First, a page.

During his visit Hastings comes to meet all the eclectic inhabitants of Styles, which includes: Emily, her stepsons John and Lawrence, John’s glamorous wife Mary, Emily’s forthright companion Evelyn Howard, and finally Cynthia Murdoch, the poor relation. Things were well with the family but recently tensions and suspicions have risen since Emily chose to marry the much younger Alfred Inglethorp, and it no huge surprise for the reader when Emily dies in suspicious circumstances. With a locked room death and a list of possible suspects longer than his arm, Hastings calls upon Poirot to help solve the matter, before the family are all put through the rumour mill.

I found it really lovely to go back to where it all began for Poirot and Hastings – we are also introduced to Inspector Japp in this book too. It was interesting to see their slightly awkward chemistry as they muddled through their very first investigation together. And, what a good first case together too! I don’t believe I have ever watched a TV adaptation of this as all the clues, twists and turns were all new to me and I didn’t see the final solution coming at all. I think Christie did leave enough clues along the way for the reader to figure it out, however I was enjoying the unravelling tale too much to worry about figuring it out for myself. I daren’t share anymore as I fear spoiling something for you!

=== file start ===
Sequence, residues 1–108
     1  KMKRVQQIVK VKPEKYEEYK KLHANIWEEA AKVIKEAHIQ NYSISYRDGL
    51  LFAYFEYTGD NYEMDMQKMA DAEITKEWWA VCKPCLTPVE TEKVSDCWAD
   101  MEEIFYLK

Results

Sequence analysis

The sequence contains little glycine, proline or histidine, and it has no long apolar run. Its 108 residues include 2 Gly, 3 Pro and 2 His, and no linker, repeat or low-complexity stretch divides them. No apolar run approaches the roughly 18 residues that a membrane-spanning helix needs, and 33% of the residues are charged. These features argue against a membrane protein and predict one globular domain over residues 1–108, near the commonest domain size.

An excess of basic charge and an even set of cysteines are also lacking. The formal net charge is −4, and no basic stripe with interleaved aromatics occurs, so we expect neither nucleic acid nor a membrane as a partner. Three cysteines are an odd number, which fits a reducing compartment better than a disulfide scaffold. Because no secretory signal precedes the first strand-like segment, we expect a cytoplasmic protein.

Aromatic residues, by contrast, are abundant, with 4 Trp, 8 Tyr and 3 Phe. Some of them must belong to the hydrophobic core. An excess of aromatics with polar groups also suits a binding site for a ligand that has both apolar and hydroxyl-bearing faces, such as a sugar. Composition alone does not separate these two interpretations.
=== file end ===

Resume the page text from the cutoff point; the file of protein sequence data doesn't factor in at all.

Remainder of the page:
So overall, I found The Mysterious Affair at Styles to be a well-written and intriguing mystery, which drew me in and brought me welcome relief from the Christmas craziness around me. I look forward to reading more Christie/Poirot mysteries. Great read.

Have you read this? What is your favourite Poirot mystery?

The Women’s Classic Literature Event – #8